Is Chevrolet Serious About Its $20,000, Rear-Wheel-Drive Sports Car?

Chevrolet's stand at the Detroit auto show provided an intriguing if confusing look into the bow-tie brand's sport compact strategy, from the mild -- a slightly modified version of the Sonic due out later this year -- to the wild -- a Lamborghini Gallardo knock-off called the Tru 140S, which would ride on the same platform as the Cruze.

The most tantalizing possibility, though, is the Code 130R, a four-seat, rear-wheel-drive coupe that would cost around $20,000. Far fetched? Not necessarily.

"We know how we'd do it," said GM North America president Mark Reuss.

We think we know, too. The key is found about 100 feet away from the Chevy stand in the form of the 2013 Cadillac ATS. The 3-series fighter employs a new, lightweight rear-wheel-drive platform known as Alpha. Though Reuss and the engineers behind the Alpha platform stress they are "focused on just Cadillac," they add that it's also flexible and scalable.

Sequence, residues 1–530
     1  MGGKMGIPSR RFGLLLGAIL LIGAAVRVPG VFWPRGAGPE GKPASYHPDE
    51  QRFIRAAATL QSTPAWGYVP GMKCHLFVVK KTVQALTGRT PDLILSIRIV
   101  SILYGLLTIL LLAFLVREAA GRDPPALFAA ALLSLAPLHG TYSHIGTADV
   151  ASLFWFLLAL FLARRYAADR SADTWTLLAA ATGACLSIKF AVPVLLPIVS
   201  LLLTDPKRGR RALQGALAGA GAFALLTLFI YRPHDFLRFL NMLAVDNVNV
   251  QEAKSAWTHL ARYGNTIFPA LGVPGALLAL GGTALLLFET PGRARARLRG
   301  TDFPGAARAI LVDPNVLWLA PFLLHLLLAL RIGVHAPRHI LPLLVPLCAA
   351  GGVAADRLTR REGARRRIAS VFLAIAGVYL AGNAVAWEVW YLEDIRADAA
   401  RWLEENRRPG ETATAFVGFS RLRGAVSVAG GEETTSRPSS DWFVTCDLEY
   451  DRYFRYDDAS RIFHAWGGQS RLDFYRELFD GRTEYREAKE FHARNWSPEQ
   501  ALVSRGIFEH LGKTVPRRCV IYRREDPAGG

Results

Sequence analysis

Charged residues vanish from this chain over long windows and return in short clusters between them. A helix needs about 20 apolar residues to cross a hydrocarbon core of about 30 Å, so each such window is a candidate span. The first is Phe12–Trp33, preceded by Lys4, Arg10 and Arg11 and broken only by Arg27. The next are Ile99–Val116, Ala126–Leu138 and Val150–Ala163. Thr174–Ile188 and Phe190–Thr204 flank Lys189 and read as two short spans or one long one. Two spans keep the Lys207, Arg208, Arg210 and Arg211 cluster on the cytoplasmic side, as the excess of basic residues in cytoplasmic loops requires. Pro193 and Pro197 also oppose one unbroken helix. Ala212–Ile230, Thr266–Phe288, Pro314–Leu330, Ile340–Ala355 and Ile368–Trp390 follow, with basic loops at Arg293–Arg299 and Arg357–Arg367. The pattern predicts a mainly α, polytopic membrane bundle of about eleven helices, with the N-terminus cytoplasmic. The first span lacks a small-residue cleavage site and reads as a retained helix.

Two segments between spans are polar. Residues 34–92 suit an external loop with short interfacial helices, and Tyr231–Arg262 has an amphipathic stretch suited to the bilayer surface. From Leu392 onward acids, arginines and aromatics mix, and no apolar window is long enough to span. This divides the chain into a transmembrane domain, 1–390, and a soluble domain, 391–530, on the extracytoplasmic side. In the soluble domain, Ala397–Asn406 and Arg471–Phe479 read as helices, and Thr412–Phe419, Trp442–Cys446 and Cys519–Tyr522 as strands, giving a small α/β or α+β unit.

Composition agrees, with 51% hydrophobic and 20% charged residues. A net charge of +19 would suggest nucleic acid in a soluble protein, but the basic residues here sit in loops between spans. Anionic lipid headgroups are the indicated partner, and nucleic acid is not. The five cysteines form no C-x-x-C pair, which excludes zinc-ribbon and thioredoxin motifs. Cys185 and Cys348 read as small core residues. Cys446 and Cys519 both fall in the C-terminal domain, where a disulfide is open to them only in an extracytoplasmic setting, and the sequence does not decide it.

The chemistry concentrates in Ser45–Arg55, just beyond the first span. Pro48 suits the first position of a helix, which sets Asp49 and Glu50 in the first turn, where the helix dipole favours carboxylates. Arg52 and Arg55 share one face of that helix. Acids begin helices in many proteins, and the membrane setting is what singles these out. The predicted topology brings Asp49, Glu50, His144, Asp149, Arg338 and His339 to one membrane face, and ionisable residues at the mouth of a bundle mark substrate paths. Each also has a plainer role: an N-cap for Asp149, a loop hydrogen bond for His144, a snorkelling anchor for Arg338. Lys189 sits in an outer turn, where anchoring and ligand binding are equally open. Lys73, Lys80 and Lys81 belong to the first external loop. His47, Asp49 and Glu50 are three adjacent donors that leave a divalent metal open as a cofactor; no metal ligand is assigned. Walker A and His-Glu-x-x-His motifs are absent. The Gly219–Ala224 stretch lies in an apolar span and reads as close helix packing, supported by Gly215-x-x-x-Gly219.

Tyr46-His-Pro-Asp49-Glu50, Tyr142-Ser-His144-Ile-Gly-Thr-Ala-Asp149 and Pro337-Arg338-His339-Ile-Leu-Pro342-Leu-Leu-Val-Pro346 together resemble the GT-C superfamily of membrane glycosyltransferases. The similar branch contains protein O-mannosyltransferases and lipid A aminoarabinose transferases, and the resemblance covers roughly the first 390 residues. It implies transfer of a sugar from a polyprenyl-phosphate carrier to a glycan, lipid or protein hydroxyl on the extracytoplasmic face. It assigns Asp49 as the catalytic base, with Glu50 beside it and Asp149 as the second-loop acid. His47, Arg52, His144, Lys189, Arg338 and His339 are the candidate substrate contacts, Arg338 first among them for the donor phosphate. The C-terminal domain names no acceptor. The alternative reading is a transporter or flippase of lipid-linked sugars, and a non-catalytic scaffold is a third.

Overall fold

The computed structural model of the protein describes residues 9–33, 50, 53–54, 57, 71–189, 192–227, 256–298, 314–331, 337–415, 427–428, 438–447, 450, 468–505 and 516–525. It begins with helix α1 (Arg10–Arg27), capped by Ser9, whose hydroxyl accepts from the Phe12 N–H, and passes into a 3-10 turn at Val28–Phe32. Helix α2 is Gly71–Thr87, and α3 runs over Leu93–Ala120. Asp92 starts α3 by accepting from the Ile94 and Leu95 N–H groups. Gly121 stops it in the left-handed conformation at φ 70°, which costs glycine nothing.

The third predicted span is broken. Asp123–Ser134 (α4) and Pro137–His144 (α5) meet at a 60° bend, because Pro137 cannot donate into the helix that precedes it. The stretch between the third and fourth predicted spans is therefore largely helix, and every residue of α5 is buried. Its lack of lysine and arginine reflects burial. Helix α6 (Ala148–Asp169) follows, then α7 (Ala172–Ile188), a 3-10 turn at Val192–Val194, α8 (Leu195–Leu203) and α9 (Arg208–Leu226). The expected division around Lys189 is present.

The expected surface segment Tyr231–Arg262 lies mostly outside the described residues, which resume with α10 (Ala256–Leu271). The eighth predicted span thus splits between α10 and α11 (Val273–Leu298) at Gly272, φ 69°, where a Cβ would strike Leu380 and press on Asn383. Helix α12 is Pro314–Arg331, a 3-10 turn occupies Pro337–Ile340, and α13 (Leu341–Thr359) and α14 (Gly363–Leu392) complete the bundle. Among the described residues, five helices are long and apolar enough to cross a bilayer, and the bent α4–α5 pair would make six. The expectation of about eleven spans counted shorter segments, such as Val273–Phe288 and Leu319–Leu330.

"We've got an architecture where we've...done a lot of things right and so, yes, there are other opportunities that we're investigating," said Alpha lead engineer Dave Masch. He said there's no fundamental issue with using this architecture for smaller vehicles, though the Code 130R, with its ultra-short overhangs, is hardly a production-ready concept.